Switch kicked off 2017 full speed ahead by earning 2nd place at The True King, defeating Malachi, StereoKiDD and Aidan but faltering twice against Gallo. In February he racked up more wins over top players at the Nebulous Prime weekly immediately prior to The Flex Zone 2, where he took out Silver, StereoKiDD, Sosa, and HyperFlame, and while Stereo clinched a bracket reset he was unable to stop Switch from taking the whole tournament. Switch was poised to win a major very early in 2017, but at TFZ 2 an early loss to Boringman forced Switch to shoot, kick and claw his way through Twisty, dvd, Phresh, and true hidden boss Aklo before Malachi stopped him at 5th place. Over the next three months, Switch would continue to sharpen his game by winning 1st place at No Fun Allowed in Texas, Shuffle: Battle of the Midwest in Ohio, Super Jab Reset 2 in Pennsylvania, Immunity in MD/VA, and Don’t Sleep! again in Texas, where he triumphed over Sosa in Grand Finals. He also made a quality run at Philadelphia Championships, defeating Stereo, HyperFlame, Gallo, Aidan, Malachi, and Sosa, but Sosa held on in the second set of Grand Finals to deny the completion of a stellar losers’ run.

Switch travelled to Southern California in late May to compete amongst nearly 400 others at The Bigger Balc, and his performance there ended up reflecting his TFZ 2 story to an uncanny degree. Prior to the main event he won the warm-up weekly, Mira Mesa Madness 28, over players such as XYK and Dirtboy. But The Bigger Balc itself would prove to be a harsher test, and he once again went home with 5th place after losing to an ascendant Fuzz and a steamrolling ThundeRzReiGN. Still, along the way Switch defeated Strong Bad, Yung Quaff, and Jose v, adding to his kill count. He finally came out on top at a major after overcoming Phresh and sweeping Sothe twice to win Smash ‘n’ Splash 3, a performance that further solidified his status as one of the premiere tournament threats of 2017.

That status came under fire as the summer continued, however. At Blacklisted 3 in July, he was upset in pools by Massachusetts Link player Sol completely out of the blue. Because of this, he was forced to play against Malachi in round 1 of main bracket, and his regional rival smacked him into losers’ side. Undeterred, Switch turned up the jets and made his way past Yung Quaff, Gallo, Phresh, dvd, Kumatora, and Twisty. In Losers Quarters he faced ThundeRz, who was becoming one of Switch’s bracket demons. Although he took a game, Switch was ultimately forced out by the destructive Donkey Kong main’s extensive combos, taking 5th place at yet another national. But the low point of Switch’s year came later that same month. Supernova 2 saw Switch suffering two more big upsets, this time to techboy and Goode, and the hometown hero ended up in 25th.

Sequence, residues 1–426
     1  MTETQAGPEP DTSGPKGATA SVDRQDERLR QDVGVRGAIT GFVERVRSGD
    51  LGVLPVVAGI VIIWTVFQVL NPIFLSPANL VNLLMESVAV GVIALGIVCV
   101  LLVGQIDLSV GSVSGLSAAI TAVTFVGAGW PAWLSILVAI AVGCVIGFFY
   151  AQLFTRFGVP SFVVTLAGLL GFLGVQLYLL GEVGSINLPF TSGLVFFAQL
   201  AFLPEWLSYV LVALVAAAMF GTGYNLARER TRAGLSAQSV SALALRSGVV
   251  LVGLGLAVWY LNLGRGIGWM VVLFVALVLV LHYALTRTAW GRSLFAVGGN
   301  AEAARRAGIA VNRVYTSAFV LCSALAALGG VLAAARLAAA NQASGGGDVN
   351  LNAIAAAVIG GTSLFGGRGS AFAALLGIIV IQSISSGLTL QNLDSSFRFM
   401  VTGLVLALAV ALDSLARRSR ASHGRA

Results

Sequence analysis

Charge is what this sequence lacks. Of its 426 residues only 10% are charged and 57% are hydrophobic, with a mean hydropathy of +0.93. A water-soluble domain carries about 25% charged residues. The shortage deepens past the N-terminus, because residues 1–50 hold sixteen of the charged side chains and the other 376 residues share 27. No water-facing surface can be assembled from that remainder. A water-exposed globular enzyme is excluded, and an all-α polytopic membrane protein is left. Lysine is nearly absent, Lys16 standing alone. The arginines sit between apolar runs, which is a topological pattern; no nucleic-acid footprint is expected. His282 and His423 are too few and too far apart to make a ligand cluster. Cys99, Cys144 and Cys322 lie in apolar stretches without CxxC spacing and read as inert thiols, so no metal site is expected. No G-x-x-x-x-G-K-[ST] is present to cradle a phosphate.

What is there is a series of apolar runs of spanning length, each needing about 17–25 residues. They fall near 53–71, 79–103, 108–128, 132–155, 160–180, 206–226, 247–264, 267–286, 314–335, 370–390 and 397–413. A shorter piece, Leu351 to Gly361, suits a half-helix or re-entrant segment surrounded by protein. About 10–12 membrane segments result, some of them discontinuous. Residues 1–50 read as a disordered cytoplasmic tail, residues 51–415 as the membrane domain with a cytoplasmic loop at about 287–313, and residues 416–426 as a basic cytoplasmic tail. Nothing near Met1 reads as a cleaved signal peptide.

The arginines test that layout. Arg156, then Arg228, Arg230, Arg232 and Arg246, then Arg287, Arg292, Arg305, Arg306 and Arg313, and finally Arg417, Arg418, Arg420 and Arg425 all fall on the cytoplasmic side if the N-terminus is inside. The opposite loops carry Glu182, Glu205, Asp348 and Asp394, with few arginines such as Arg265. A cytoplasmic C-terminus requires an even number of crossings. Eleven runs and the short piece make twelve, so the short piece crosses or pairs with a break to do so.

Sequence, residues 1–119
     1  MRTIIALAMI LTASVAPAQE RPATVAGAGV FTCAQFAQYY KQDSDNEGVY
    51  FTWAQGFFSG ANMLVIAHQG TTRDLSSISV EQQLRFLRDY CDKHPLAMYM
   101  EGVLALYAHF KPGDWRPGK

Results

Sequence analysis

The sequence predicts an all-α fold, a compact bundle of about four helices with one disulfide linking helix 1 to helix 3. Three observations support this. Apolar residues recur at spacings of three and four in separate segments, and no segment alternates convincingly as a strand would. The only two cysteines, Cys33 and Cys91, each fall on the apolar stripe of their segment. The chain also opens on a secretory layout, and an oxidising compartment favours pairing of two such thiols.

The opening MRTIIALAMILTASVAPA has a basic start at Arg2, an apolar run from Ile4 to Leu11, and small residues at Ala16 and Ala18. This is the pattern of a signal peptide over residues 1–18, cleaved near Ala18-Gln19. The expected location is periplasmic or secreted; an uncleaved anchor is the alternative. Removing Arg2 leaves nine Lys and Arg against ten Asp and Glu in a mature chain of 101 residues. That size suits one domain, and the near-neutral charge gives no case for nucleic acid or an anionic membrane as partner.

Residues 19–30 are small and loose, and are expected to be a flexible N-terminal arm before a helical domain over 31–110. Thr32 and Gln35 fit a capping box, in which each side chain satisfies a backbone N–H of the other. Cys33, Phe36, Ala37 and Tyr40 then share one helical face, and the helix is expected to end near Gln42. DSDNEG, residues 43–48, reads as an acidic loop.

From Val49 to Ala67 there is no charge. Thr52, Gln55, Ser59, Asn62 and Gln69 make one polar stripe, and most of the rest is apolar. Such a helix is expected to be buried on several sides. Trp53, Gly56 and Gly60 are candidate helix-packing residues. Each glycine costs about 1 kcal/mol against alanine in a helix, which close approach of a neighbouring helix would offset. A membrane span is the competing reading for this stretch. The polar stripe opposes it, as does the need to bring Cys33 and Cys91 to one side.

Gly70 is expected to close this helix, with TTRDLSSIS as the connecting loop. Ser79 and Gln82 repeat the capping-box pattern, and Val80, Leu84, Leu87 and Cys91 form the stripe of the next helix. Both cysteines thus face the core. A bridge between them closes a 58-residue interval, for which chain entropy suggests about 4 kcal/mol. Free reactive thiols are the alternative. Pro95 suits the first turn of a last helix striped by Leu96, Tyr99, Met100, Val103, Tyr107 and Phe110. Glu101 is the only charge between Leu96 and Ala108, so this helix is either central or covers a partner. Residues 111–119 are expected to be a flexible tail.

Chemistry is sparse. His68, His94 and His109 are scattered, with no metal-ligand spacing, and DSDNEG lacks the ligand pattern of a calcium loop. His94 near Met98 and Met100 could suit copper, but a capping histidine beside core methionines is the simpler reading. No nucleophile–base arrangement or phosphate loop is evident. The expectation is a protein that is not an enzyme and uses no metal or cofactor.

Still hungry for more, Switch made it out to Texas once more for Low Tier City 5. He returned to form to take out MorKs, Dr. and Pikmon, but familiar foes stopped him from advancing much further. Fuzz and ThundeRz endured Switch’s barrage of lasers and shield pressure and hit back hard, and Switch was forced to back to the drawing board at 7th place. Switch rallied at Super Smash Con side event, avenging his loss against Gallo, tearing through HyperFlame, and winning two of the three sets of “platforms and lasers” against EmuKiller to clinch 1st place. He would continue to do battle at more regional events for the rest of the year. He finished in 2nd place at Immunity 2 and Smash Bros University 3.0 and 1st place at CGC Redux and Downfall 7, claiming additional wins over Envy, dvd, Kycse, Silver, Flipp, Phresh, and Boiko.

Overall, Switch in 2017 was one of the most well-travelled players in the entire Project M scene, and his frequent flying gave him ample opportunity to prove himself. While he did stumble a few times in the middle of the year, his robust record throughout the year shows that these were exceptions to a ferocious norm. There is precious little standing between Switch and more national victories in 2018, so buckle up and get ready for another year of his creative combos and unrelenting pressure.

Written By: FlashingFire

Rest of the List

1/21/2018 - PMRank 2017: The Edge of Glory
1/22/2018 - PMRank 2017: 50-41
1/23/2018 - PMRank 2017: 40-31
1/24/2018 - PMRank 2017: 30-21
1/25/2018 - PMRank 2017: 20-11
1/29/2018 - PMRank 2017: 10-7
1/30/2018 - PMRank 2017: 6-4
1/31/2018 - PMRank 2017: Top 3


PMRank Staff:
  • Adam “Strong Bad” Oliver
  • Brennan “FlashingFire” Connolly
  • Cody “Yata!” Anderson
  • Devin “Reslived” Gajewski
  • Ryan “Sabre” Weinberg
Graphic Design:
  • Anna “Kumatora” Mayorskiy
  • Cody “Yata!” Anderson
  • Courtney “Zesty” Coffman
  • Eric “FingerStripes” Bohorquez
Character Renders:
  • David "davidvkimball" Kimball
  • Eric “FingerStripes” Bohorquez
  • Mike "Kuro Kairaku" Nickerson
  • "SylveonPlaysSSBX"
  • Brennan “FlashingFire” Connolly
Additional Editing:
  • Adam "Strong Bad" Oliver
  • Ahmed “Apollo Ali” Akbar
  • Anna “Kumatora” Mayorskiy
  • Cody “Yata!” Anderson
  • Kyle "Pegthaniel" Guo
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Switch just outside the top three? Man, dem feels tho. He's an amazing player and earned his spot regardless.